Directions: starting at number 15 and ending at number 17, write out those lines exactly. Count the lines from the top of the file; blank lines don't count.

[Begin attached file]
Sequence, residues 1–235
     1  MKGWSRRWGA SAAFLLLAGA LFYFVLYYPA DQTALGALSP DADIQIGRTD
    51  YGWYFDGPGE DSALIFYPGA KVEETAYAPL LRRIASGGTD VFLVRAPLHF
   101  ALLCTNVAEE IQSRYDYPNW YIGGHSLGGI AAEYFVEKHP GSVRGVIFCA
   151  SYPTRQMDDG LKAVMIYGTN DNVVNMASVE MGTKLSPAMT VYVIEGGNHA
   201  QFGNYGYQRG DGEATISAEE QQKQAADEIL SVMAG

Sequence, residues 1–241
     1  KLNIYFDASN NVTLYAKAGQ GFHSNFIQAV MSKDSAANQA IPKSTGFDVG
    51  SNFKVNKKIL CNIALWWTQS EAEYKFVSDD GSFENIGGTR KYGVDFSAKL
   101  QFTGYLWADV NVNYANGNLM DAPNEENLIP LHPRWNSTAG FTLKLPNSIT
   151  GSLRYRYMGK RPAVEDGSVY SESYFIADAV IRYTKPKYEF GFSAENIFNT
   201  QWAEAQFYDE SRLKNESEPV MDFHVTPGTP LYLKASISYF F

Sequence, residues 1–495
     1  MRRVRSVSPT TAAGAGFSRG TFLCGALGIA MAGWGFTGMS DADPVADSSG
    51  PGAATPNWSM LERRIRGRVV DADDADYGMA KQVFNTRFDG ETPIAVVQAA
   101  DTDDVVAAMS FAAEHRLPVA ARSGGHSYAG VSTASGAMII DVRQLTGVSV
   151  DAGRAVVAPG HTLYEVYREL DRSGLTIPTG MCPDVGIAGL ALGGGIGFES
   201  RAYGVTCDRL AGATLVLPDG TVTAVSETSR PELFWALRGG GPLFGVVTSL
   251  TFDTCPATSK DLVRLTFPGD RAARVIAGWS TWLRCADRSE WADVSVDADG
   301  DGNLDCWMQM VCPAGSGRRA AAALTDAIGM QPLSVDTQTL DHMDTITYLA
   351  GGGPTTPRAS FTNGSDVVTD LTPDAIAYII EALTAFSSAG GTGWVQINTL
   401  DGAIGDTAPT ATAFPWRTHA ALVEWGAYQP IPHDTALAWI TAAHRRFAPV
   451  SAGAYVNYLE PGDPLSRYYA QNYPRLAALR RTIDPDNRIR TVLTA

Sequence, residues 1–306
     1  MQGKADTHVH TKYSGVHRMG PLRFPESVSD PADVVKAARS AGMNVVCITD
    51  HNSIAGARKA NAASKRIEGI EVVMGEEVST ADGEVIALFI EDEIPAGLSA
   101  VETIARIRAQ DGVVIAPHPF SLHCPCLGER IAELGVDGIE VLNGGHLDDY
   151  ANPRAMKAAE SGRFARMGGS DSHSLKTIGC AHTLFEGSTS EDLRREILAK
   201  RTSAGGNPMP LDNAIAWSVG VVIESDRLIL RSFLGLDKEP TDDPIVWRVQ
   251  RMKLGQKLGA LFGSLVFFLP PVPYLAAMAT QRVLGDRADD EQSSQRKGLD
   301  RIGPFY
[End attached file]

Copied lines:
    51  PGAATPNWSM LERRIRGRVV DADDADYGMA KQVFNTRFDG ETPIAVVQAA
   101  DTDDVVAAMS FAAEHRLPVA ARSGGHSYAG VSTASGAMII DVRQLTGVSV
   151  DAGRAVVAPG HTLYEVYREL DRSGLTIPTG MCPDVGIAGL ALGGGIGFES